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Getting An Electric Bike Into Car

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jubileejane | 06:15 Thu 06th May 2021 | How it Works
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Hello, I am thinking of buying an e bike, mostly for local use. I have been told they are very heavy and I know I wouldn't be able to lift it in my car. Does anyone have experience of using an e bike? And any recommendations how to get it into a car.

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i doubt you could lift it into a car, they are bulky and heavy, going on the ones i see around me.
i had no idea they were so expensive, still its your choice. unless you can lift it, which seems difficult, i can't see how it would fit in the back of any vehicle.
My mums elec bike fold up.
does it, the ones i have seen don't. they are hulking great things.
*folds
perhaps that's the answer a folding e bike, i confess i haven't seen any around. lots of them in use in London including the e scooter.
The folding bike is the answer, the weights vary the more powerful/the more bulkier/the more expensive they are, its the battery/motor/frame material that adds up. On average they weigh about 25 kg.Which do a guide on the best folding bikes.
I have a Zipper Z4 folding ebike. It is quite heavy but not unduly so. I can manage to load it into the back of my SUV when necessary. It's quite ungainly (right word?) doing the folding/unfolding. It cost £620 new from ebay.

You can pay thousands for a top of the range model but I didn't want to lash out a lot of money for it just to be sat in the garage.
Thet do vary, the turbo creo SL is £6000, I have read somewhere its one of the fastest they make (at that figure i suppose you would expect that as minimum requirement)
By law the speed is limited (25 kph?) but as with cars you can hack the control unit to make them faster - illegally.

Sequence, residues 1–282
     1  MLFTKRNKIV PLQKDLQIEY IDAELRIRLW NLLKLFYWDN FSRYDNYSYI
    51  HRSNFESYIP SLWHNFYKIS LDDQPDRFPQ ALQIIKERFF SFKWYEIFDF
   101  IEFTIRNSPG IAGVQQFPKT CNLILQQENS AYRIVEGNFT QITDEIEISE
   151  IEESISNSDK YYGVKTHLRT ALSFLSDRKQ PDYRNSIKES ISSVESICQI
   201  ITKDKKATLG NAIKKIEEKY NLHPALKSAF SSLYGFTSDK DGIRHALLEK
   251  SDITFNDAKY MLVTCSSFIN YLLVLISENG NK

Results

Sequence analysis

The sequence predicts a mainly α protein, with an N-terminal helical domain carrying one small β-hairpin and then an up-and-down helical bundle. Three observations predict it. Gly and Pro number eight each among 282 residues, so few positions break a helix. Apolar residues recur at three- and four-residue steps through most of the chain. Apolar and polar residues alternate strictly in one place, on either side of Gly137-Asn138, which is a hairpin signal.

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and the motor only provides assistance when you are pedaling.
a guy I know just paid £13,000 for one.
By law the speed is limited (25 kph?) but as with cars you can hack the control unit to make them faster -

Correct, but thats no different to cars, the limits 70 but they can go a hell of a lot faster than that, most if not all go faster than that.
yes, but cars don't come with a speed limiter already built in, bikes do.
The Rutland carbon is about £13000, I believe its motor is 5,000 watts!!
of course many of the top models are out-and-out mountain bikes and if they are being used off-road then the rules for on-road use no longer apply.
No,the limiter is a legislation, that can be got round, by registration and insured and taxed as such, if your paying £13000 plus then that is an option.
If you have the right kind of car you can get an electric hoist - often used to get mobility scooters in and out of vehicles. This is one
https://www.autochair.co.uk/products/scooter-wheelchair-lifts/smart-lifter
If an ebike doesn't meet the EAPC rules it will be classed as a motorcycle & you will need a motorbike licence / tax & insurance to ride it legally on the road.

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